How to reduce water fragility in a context of drought

Source: Public domain
Source: Public domain

Why can the drought that Catalonia is experiencing today not be blamed solely on climate change? Could the situation of persistent drought be a foreshadowing of what Europe will experience in the coming years? To what extent does the situation have to do with water management policies? What are the steps we need to take from now on? We are trying to provide a summary to answer these questions, about a case that is not isolated and may be the prelude to situations that will arise over the next 50 years.

All too often we focus the debate on meteorological drought on the climate, to which we attribute all the responsibility as the cause of the lack of water. This is happening with the meteorological drought in Catalonia in the winter of 2024. What is really needed is to open the debate on the real problem: the chronic water demand of our economic development model. A thirst for water in all sectors that makes us consume water excessively, exceeding the natural capacity of the available resources.

Even in normal times, we consume more water than would be feasible for our system. One example: in 2019, Spain, Greece, Italy, Malta, Portugal and Cyprus experienced the most critical episode of water scarcity ever experienced by any EU country in a season, according to the Water Exploitation Index. This indicator provides information on water scarcity and gives the pressure on freshwater resources and indicates the amount of water withdrawn each year as a proportion of the total available. Water scarcity (also called hydrological drought) is the lack of availability of water for the different uses we put it to, while (meteorological) drought is the lack of rainfall over a long period of time.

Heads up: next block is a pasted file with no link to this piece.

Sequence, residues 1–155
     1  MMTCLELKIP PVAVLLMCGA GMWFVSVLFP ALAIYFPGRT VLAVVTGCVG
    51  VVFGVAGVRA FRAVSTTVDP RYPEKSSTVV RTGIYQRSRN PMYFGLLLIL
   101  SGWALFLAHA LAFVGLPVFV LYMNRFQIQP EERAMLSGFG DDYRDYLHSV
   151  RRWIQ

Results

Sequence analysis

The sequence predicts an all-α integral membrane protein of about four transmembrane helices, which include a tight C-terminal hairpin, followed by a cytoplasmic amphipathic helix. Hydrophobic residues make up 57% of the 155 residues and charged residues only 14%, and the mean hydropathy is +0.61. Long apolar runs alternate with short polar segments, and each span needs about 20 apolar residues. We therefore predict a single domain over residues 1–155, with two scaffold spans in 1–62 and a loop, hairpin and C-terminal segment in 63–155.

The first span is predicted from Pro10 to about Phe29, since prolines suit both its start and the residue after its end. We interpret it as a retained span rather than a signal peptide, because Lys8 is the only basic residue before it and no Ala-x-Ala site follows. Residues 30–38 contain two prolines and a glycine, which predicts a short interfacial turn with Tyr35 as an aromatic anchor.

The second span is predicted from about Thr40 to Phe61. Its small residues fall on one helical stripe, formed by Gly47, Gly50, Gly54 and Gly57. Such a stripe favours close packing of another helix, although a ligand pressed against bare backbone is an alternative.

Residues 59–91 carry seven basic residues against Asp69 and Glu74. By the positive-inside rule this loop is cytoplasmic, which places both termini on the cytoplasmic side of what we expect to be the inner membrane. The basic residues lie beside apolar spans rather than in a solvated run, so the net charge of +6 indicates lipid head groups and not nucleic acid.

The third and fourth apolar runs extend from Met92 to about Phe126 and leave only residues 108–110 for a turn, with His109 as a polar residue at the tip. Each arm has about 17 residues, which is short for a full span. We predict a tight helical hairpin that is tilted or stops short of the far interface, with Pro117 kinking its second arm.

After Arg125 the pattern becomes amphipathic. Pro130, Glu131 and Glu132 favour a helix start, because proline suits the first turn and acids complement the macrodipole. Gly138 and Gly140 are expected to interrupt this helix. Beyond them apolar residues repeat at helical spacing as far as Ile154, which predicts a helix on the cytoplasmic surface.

A dry, hot winter, without rain and with days close to those of spring. The drought that Catalonia is experiencing this winter of 2024 is an exception on the southern shore of the Mediterranean, which has also become persistent in the north-eastern quadrant of the Iberian Peninsula. Some light rain has opened a window of optimism, but water reserves in the reservoirs stand at 15.01% in mid-February 2024. Catalonia is experiencing a state of exceptionality, which can be consulted on the Generalitat de Catalunya’s Drought Viewer, where it is clear that more than 2/3 of the territory has entered a state of extreme drought in terms of rainfall.

Water and global change

The immediate solution involves halting the demand for water resulting from our economic model, which is outstripping our availability of this essential resource. We need to reflect on our agricultural, urban planning, tourism and industrial model in order to reduce the total amount of water we use and to maintain the health of water bodies and natural ecosystems. This is the only way to reduce the vulnerability of water to global change.

Scientific evidence points to the need for profound changes. From science, some proposals propose a new model of water consumption – today closely linked to construction, tourism, and economic prosperity – by restoring and protecting hydrological systems – rivers, streams and aquifers. In some recent cases, political action has listened to the recommendation of specialised voices that have recommended the demolition of infrastructures affecting the evolution of a dynamic coastline with the evolution of dunes, as in the case of Calafell (Catalonia).